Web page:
Guest Editorial: A Timely and Timeless Event
The National Pressure Ulcer Advisory Panel (NPUAP) is an independent, not-for-profit professional organization dedicated to promoting evidenced-based care for pressure ulcers. Formed in 1987, the NPUAP is composed of a multidisciplinary team of pressure ulcer experts from a variety of healthcare disciplines who share a commitment to pressure ulcer prevention and care. Every 2 years since 1989, the NPUAP has held a consensus conference to enhance awareness of the scope and weight of the pressure ulcer problem and to discuss timely relevant issues. This year is the 10th anniversary of the NPUAP consensus conference and the 20th anniversary of the NPUAP. Two conferences are being held simultaneously. The first conference will present best-practice issues related to pressure ulcer care. Topics include staging, care of specific pressure ulcers (eg, heel ulcers), and care of specific patient populations (bariatric, critical care, palliative, spinal cord injured, and pediatric), along with information on documenting pressure ulcers (including measurement and photographs), coding, and pressure ulcer pain management. This valuable conference will provide many clinical pearls that healthcare professionals can put into practice at their institutions.
The second conference is a consensus conference. The purpose of a consensus conference is to facilitate informed debate on a topic. This particular gathering will address the staging system and whether deep tissue injury fits with current staging methods, as well as how to make the staging system more precise. In addition, updates on the efforts of the NPUAP support surface initiative, which most recently developed terms and definitions related to support surfaces, will be presented.
I share information of the NPUAP conference to underscore the importance of providing evidence-based pressure ulcer care. Often considered preventable, sentinel events, pressure ulcers have been garnering attention from all facets of society: regulatory agencies anxious to control costs by increasing “guidance,” professionals eager to provide (or delegate provision of) appropriate care, and patients seeking ways to avoid succumbing to the insidious forces that besiege them from within and without. Hence, no one can ever know “too much” about pressure ulcers. Theories and ideas have changed throughout the history of the NPUAP and its conferences but the NPUAP message remains clear: research and practice must continue to come together to discover, document, and deliver evidence-based approaches to dealing with pressure ulcers to decrease their prevalence and incidence and lessen their severity once they develop.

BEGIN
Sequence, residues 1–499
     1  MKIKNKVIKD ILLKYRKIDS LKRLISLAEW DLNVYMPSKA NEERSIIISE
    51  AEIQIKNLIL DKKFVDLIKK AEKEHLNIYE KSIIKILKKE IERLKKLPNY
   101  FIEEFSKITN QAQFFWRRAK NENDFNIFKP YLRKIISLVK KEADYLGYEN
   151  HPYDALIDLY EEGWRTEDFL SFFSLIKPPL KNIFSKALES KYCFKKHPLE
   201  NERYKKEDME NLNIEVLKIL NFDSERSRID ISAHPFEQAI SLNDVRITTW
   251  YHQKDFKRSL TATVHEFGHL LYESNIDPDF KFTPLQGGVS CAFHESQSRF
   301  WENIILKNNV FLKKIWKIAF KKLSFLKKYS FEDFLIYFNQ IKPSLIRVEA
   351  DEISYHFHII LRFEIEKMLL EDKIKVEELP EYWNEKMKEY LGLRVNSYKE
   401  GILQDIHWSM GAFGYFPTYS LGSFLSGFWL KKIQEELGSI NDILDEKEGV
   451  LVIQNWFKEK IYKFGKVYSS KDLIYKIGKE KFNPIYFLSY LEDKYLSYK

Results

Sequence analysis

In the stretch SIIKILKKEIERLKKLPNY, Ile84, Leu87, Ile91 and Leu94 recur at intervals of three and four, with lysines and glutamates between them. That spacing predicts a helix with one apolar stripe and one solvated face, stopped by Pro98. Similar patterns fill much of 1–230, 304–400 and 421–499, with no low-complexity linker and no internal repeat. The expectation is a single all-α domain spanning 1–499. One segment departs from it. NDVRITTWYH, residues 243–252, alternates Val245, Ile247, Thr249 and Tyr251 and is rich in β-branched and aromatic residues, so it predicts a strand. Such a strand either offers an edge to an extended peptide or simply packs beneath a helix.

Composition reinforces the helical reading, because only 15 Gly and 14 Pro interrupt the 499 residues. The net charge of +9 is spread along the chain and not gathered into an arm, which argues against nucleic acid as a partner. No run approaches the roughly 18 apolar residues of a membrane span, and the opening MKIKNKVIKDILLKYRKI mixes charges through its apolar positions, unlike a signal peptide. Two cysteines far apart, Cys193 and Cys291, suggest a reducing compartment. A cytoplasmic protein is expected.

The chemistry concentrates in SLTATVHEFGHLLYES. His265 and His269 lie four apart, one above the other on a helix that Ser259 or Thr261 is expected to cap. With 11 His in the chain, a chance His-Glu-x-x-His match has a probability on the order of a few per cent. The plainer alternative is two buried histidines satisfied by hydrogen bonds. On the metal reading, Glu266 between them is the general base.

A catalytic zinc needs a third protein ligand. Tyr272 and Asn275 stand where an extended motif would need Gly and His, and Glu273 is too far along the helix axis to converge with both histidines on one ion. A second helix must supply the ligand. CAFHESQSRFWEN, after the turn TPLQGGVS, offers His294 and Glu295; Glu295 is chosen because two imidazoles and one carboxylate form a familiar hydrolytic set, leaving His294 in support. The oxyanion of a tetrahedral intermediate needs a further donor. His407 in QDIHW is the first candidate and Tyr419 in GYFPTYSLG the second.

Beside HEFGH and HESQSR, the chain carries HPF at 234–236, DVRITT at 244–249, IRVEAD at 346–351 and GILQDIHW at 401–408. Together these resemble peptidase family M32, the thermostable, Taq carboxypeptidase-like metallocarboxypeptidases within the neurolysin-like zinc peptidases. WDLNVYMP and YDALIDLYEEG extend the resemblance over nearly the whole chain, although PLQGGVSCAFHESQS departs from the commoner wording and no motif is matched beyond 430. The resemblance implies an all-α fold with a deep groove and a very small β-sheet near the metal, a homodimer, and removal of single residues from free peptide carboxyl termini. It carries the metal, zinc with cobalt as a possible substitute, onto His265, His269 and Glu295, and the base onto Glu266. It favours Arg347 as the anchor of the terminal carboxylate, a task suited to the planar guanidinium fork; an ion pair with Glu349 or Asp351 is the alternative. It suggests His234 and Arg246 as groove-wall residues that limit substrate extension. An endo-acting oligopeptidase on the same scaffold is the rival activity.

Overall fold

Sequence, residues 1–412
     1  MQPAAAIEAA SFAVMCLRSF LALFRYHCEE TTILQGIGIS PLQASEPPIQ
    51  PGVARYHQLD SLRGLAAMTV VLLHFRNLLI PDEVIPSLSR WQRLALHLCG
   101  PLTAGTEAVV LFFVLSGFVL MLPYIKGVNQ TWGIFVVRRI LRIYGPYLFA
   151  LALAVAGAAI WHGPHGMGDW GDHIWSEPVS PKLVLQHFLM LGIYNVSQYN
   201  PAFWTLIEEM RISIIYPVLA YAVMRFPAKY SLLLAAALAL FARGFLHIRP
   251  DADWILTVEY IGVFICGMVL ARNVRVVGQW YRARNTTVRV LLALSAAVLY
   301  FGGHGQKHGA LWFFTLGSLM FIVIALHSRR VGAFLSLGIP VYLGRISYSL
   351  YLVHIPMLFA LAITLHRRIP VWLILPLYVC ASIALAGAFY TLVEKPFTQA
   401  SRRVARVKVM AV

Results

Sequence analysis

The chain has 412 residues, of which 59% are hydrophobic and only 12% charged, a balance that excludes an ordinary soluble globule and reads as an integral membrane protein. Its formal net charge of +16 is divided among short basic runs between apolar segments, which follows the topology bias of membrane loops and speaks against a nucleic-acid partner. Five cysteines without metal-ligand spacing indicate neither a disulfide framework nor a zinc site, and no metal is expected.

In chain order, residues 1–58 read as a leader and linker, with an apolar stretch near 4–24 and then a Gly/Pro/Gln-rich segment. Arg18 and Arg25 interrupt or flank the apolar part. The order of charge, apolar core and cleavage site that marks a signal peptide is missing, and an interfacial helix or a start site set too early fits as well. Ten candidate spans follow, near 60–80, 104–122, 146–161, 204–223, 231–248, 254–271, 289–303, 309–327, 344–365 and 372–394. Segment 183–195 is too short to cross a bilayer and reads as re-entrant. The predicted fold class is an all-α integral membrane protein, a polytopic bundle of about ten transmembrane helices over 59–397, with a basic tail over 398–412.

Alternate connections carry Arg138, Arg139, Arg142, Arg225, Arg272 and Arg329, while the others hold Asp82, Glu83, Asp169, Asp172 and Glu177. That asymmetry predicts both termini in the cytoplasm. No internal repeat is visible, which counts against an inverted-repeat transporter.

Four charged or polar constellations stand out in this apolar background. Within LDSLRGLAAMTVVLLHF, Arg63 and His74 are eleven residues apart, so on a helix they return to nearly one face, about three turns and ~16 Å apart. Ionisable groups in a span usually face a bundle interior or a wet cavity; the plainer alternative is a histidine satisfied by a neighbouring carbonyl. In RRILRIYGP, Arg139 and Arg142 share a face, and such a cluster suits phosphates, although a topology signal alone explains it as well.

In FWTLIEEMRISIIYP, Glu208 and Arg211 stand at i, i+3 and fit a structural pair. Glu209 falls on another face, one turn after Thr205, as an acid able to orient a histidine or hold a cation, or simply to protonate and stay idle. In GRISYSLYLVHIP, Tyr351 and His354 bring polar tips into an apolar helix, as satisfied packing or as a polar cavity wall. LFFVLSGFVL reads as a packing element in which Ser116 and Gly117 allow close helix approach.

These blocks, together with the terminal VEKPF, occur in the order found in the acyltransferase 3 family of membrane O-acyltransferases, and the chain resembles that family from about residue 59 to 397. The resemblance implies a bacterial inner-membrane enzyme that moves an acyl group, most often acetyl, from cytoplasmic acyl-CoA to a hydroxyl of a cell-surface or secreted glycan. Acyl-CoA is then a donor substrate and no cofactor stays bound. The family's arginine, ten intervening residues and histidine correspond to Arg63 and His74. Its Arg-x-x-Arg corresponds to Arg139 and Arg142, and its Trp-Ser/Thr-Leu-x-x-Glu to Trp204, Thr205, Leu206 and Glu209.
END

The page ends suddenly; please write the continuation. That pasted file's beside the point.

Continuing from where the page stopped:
Through oversight of its interactive educational programs, public policy involvement, and research initiatives, the NPUAP will continue to incorporate the latest information on pressure ulcers into such efforts as updating staging systems and developing support surface utilization guidelines. Clinicians must not remain idle – they need to nurture these endeavors by attending conferences, documenting prevalence and incidence, and sharing knowledge by participating in and publishing research. They need especially to champion the cause of prevention. The course charted by the NPUAP will be effective only if practitioners stay that course and prepare to handle the next generation of potential pressure ulcer patients.
The articles in this issue of OWM reflect the growing need to assess and document pressure ulcer occurrence, a problem that spans geographic and medical settings across the globe. The articles from Timmerman and Uzun add insight to pressure ulcer issues in Canada and Turkey and highlight the importance of implementing pressure ulcer prevention/management programs. Aronovitch examines pressure ulcer risk factors inherent in the surgical arena. McNees discusses the healing patterns of pressure ulcers and other chronic wounds in patients with cancer. The more clinicians discover about pressure ulcer prevalence and incidence, the better equipped we are to address related concerns.
Pressure ulcers may not be preventable in all cases. But pressure ulcer care can be improved. Whether you attend the conference or obtain presentation materials and information in this and other publications, there has never been a better time to increase your pressure ulcer IQ or a better way to save your skin in every sense of the phrase.
This article was not subject to the Ostomy Wound Management peer-review process.